19.9% had asthma. Allergic Rhinitis was the most common comorbidity in both the age groups. Allergic rhinitis with nasal polyps
was present in 21.2% of CRS subjects and 4.2% of CRS subjects had
allergic rhinitis with nasal polyps and asthma. Of the total subjects,
36.7% of cases underwent primary and 10.1% of cases had revised
functional endoscopic sinus surgery (FESS). ThH
distribution of risk
factors and co-morbidities of CRS in children and adolescents is given
in Table 1.
Characteristic Total Children Adolescent
s
pvalue
Odds Ratio
(95% CI)
Sex 188 89 (47.3) 99 (52.7)
Male 130
(69.1) 61 (68.5) 69 (69.7) 0.876 1.056
(0.568-1.962)
Female 58 (30.9) 28 (31.5) 30 (30.3)
Risk
Factors/Comorbidities
Adenoids 63 (33.5) 44 (49.4) 19 (19.2) <0.001 2.6
(1.63-4.06)
Otolaryngol (Sunnyvale)
Volume 6

Issue 4

1000248

ISSN:2161-119X Otolaryngology, an open access journal

Citation:
Jangala M, Koralla RM, Manche SK, Akka J (2016) Microbial Prevalence and Antimic
robial Resistance in Children and Adolescents
with Chronic Rhinosinusitis in South Indian Population. Otolaryngol (Sunnyvale)
6: 248. doi:10.4172/2161-119X.1000248
Page 3 of 6
Allergic rhinitis 102
(54.2) 43 (48.3) 59 (59.6) 0.143 0.81
(0.62-1.06)
Fungal Sinusitis 26 (13.8) 8 (9) 18 (18.1) 0.035 2.7
(1.12-6.57)
Nasal Polyps 38 (20.2) 12 (13.5) 26 (26.3) 0.045 2.3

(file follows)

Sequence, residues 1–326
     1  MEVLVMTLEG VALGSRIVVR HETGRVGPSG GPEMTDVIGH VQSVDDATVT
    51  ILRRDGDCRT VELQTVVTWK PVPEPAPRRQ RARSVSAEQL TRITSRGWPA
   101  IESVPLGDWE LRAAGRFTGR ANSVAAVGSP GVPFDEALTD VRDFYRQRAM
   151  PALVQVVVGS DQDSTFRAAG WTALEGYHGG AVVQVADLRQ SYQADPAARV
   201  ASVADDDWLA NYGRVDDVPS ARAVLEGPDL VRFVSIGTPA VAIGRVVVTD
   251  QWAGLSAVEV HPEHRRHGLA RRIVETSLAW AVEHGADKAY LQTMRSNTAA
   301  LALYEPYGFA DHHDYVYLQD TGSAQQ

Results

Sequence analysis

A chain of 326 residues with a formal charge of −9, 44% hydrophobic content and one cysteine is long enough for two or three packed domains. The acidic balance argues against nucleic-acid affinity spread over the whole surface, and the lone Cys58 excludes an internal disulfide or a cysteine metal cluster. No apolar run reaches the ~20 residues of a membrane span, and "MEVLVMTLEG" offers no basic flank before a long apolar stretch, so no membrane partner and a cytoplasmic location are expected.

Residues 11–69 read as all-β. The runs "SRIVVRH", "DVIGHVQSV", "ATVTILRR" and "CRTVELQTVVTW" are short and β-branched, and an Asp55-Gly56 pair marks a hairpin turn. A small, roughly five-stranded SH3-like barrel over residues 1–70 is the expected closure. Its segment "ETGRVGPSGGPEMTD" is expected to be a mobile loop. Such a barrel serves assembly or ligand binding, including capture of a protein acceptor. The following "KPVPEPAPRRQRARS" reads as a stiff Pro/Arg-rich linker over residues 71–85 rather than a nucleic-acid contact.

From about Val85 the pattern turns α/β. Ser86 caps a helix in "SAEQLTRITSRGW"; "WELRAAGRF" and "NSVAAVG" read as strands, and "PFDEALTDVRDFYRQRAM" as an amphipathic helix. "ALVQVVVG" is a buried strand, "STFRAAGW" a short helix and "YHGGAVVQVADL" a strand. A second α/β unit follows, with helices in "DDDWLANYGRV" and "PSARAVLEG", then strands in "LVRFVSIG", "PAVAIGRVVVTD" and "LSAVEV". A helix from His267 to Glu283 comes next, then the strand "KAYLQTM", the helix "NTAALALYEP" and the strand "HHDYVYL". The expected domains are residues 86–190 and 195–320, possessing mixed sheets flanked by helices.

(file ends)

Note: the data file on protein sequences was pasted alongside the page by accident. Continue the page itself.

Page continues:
(1.07-4.86)
Tonsillitis 78 (41.5) 38 (42.7) 40 (40.4) 0.769 1.06
(0.75-1.48)
Otitis Media 79 (42.0) 32 (36) 47 (47) 0.139 0.75
(0.54-1.07)
Asthma 23 (12.2) 14 (15.7) 9 (9.1) 0.186 1.73
(0.79-3.80)
History of
sinus surgery
No Surgery
required
100
(53.2) 48 (53.9) 52 (52.5) 0.615 ref a
Sinus Surgery 69 (36.7) 34 (38.2) 35 (35.4) 0.87 0.950 (0.514 1.755)
Sinus Surgery
Revision 19 (10.1) 7 (7.9) 12 (12.1) 0.374 1.582 (0.576 4.351)
Table 1: Demographic and clinical characteristics of children and
adolescents with chronic rhinosinusitis (N=188), a p-value significancH
is based on multinomial logistic regression (2-sided), p-value
significancH
is based on Fisher's Exact Test (2-sided), Odds ratio
computed based on chi-square test.
A total of 88 bacterial isolates were recovered of which 94.3% were
positive for single culture and 5.7% had multiple cultures. 80.6% of the
cultures were Gram-positive cocci, 22.7% gram-negative rods and 5.6%
were mixed cultures of gram positive cocci and gram negative rods.
Co-infection of bacteria and fungus was noted in 4.4% of adolescents.
S.aureus was the most frequently cultured organism (59.9%), followed
by S. pneumonia (21.5%), P. aeruginosa (11.4%), Klebsiella sp. (11.4%)
while no methicillin resistant Staphylococcus aureus strains could be
identified.
Klebsellia sp. was identifieG
more frequently (60%) in
polymicrobial infections. Aspergillus flavus
was the most common
fungi identified.
Staphylococcus aureus was the most common
pathogen in both the age groups, Streptococcus pneumonia was